As an intermediate, you might know yourself and your body better. Consider adapting exercises and adding more sets to fit your needs. It’s a program that offers simple benefits, and it might be a good change of pace between more-brutal workout programs to focus on strength and muscle with lower volumes.
Try and see what exercises might fit you best than the ones explained in Steve Reeves routine. Keep the same training scheme but modify exercises if you think some will benefit you better or if some exercises weren’t offering big returns.
This program isn’t for you. Steve Reeves wouldn’t be considered advanced by anyone who was familiar with modern bodybuilding or strength training.
Advanced methods are beyond the simple stuff Steve was doing – it would still work, but not as well as others. When you’re advanced, it’s not just about does it work or not, but rather what works best.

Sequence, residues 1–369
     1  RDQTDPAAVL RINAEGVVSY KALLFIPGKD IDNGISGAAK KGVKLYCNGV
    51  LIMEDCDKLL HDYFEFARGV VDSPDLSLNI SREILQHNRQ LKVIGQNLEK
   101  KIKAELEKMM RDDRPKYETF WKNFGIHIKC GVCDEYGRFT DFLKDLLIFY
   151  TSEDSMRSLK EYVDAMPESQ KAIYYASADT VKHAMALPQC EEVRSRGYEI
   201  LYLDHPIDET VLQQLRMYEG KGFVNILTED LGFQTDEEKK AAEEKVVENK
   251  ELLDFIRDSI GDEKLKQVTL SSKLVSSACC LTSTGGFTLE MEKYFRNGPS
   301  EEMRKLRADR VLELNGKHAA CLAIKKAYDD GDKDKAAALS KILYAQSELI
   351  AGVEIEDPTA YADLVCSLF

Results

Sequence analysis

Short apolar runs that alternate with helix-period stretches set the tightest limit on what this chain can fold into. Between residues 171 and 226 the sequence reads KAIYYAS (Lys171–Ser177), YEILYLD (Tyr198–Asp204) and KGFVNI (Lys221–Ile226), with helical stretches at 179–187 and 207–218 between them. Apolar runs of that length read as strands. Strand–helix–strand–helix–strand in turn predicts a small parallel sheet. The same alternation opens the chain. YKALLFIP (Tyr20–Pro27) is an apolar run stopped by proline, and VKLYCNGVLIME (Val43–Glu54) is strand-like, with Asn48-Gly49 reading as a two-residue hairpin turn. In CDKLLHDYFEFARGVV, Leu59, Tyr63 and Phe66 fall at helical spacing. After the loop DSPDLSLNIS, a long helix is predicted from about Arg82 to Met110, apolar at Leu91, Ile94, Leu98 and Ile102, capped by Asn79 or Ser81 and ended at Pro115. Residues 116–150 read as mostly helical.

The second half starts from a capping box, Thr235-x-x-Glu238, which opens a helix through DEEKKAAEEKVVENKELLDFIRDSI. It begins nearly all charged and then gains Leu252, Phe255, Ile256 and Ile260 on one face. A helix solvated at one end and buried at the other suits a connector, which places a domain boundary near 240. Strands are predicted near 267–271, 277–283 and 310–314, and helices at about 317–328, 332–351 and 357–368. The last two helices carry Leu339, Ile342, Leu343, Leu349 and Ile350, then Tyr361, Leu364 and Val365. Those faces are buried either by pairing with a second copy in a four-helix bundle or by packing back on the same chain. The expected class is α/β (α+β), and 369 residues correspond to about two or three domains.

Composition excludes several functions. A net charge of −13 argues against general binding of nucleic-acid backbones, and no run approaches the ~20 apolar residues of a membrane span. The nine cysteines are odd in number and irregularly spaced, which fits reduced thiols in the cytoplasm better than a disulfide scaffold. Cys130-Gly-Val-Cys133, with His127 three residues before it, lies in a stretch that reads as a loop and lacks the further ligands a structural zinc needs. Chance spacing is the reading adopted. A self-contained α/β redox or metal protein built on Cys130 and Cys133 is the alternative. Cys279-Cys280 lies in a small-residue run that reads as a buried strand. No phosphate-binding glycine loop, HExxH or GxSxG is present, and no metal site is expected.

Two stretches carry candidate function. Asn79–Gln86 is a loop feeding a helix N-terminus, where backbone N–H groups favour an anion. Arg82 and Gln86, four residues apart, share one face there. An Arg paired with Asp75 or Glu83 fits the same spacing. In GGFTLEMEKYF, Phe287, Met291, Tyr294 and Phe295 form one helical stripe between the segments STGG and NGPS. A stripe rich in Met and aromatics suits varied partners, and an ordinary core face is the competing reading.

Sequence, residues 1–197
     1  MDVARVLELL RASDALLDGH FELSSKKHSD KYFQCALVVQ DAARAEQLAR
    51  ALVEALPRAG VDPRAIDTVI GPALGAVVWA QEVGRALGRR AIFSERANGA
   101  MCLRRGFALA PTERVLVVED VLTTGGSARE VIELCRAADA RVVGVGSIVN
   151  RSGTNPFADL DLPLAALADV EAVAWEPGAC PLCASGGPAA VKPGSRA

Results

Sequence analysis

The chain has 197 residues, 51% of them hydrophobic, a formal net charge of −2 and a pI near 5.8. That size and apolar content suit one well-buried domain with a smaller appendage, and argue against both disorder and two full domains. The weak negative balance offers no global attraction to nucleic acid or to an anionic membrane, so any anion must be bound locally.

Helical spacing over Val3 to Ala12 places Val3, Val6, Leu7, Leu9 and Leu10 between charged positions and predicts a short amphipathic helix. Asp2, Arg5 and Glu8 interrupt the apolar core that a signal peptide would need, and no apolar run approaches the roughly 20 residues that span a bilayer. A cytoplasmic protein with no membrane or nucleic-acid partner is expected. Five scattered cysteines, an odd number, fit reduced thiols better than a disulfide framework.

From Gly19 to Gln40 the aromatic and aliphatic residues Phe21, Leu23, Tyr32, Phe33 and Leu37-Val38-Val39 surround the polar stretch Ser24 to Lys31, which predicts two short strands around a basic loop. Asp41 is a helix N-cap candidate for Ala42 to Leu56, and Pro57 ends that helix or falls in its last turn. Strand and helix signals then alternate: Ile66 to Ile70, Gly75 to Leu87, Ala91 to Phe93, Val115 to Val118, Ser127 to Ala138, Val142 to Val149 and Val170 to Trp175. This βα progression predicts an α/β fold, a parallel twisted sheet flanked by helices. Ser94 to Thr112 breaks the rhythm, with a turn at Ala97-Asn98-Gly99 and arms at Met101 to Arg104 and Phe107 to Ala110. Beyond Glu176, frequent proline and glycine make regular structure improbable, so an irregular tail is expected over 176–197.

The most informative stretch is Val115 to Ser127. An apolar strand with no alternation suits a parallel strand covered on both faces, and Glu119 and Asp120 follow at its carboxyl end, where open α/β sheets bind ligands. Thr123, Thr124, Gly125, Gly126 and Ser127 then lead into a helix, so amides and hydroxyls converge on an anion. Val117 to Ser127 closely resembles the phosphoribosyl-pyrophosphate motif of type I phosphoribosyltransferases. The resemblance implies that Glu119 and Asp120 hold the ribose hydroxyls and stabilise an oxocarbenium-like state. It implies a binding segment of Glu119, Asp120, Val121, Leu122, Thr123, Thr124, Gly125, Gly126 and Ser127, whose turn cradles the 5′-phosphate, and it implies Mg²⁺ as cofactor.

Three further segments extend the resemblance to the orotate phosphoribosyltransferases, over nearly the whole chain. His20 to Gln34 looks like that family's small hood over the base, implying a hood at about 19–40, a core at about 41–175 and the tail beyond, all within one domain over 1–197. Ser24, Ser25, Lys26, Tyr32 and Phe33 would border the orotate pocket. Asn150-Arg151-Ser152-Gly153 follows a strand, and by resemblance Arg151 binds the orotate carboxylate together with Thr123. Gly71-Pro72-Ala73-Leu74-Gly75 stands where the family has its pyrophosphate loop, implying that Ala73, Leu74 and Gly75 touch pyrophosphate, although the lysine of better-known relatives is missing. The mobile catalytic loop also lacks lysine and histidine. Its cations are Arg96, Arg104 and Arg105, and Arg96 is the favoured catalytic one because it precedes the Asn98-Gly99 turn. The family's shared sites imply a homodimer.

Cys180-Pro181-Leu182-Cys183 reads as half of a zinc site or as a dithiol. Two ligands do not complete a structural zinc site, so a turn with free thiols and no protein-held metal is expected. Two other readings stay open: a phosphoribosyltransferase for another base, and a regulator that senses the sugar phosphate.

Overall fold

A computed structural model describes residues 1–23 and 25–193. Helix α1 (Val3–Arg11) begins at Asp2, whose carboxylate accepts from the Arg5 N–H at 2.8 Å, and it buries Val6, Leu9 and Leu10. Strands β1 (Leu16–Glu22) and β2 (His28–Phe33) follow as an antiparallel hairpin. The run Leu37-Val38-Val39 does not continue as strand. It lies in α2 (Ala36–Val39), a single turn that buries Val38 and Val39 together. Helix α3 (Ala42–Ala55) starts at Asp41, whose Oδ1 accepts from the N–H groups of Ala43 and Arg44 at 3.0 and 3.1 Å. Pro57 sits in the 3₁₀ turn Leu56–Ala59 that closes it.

As with intermediates, mentioned above, the main reason an advanced bodybuilder should use the Steve Reeves program is as a short, deload style workout plan. If you’ve just come from a brutal high-volume program, this change of pace can be effective for letting your body rest. However, I’d not recommend more than 4-6 weeks.
If you want to follow Steve Reeves routine regardless, feel free to make it more intense. Make sure these 8 to 12 rep ranges are making use of the heaviest weight you can perform them with. Add a few sets for each exercise. Alternatively, switch to a 5-day split routine and try to keep some similarities with Steve Reeves program – but adding in additional days for your personal weaknesses to bring up your aesthetics!
Thanks for reading this piece. Any questions, ask them below!